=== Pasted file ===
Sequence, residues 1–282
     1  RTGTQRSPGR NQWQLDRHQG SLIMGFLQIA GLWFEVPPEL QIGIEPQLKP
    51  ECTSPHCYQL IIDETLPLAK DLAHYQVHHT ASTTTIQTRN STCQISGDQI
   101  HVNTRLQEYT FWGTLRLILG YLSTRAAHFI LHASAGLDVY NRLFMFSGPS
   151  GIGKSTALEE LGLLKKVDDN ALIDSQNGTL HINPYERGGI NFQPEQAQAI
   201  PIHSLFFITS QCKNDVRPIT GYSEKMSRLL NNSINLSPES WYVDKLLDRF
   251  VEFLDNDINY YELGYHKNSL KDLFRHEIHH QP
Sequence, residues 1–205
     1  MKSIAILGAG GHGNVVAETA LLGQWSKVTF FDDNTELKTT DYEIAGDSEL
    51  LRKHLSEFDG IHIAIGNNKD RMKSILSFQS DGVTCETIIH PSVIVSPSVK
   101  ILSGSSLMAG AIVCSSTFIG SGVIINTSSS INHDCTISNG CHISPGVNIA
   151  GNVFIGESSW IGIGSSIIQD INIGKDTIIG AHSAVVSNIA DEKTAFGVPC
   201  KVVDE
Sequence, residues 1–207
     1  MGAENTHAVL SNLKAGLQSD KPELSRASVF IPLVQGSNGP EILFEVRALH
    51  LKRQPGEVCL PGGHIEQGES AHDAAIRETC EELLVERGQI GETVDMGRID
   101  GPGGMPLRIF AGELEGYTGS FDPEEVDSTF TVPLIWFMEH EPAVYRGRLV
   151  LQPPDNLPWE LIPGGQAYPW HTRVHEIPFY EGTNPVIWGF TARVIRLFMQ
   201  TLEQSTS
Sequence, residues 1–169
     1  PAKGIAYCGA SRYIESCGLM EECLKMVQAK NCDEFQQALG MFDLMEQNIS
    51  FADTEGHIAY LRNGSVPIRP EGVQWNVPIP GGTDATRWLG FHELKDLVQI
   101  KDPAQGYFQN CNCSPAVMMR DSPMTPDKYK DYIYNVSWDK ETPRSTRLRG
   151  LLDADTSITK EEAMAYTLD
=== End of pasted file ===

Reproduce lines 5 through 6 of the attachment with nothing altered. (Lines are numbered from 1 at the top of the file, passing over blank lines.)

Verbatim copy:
   151  GIGKSTALEE LGLLKKVDDN ALIDSQNGTL HINPYERGGI NFQPEQAQAI
   201  PIHSLFFITS QCKNDVRPIT GYSEKMSRLL NNSINLSPES WYVDKLLDRF